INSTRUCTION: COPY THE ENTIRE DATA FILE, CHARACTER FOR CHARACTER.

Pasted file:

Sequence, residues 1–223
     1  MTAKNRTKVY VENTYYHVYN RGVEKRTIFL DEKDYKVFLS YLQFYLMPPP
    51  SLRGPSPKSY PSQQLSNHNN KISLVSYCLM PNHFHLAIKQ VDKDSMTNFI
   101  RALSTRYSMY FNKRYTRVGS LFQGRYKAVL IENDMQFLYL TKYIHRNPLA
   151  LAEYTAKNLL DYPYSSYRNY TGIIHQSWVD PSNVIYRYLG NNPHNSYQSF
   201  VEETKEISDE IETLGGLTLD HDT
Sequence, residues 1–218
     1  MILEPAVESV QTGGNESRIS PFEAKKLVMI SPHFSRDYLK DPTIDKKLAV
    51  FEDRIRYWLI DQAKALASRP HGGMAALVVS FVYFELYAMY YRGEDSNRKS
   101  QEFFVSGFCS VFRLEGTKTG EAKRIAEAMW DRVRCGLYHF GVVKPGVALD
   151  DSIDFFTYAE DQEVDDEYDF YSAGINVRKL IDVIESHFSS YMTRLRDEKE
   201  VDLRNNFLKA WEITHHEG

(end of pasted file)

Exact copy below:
Sequence, residues 1–223
     1  MTAKNRTKVY VENTYYHVYN RGVEKRTIFL DEKDYKVFLS YLQFYLMPPP
    51  SLRGPSPKSY PSQQLSNHNN KISLVSYCLM PNHFHLAIKQ VDKDSMTNFI
   101  RALSTRYSMY FNKRYTRVGS LFQGRYKAVL IENDMQFLYL TKYIHRNPLA
   151  LAEYTAKNLL DYPYSSYRNY TGIIHQSWVD PSNVIYRYLG NNPHNSYQSF
   201  VEETKEISDE IETLGGLTLD HDT
Sequence, residues 1–218
     1  MILEPAVESV QTGGNESRIS PFEAKKLVMI SPHFSRDYLK DPTIDKKLAV
    51  FEDRIRYWLI DQAKALASRP HGGMAALVVS FVYFELYAMY YRGEDSNRKS
   101  QEFFVSGFCS VFRLEGTKTG EAKRIAEAMW DRVRCGLYHF GVVKPGVALD
   151  DSIDFFTYAE DQEVDDEYDF YSAGINVRKL IDVIESHFSS YMTRLRDEKE
   201  VDLRNNFLKA WEITHHEG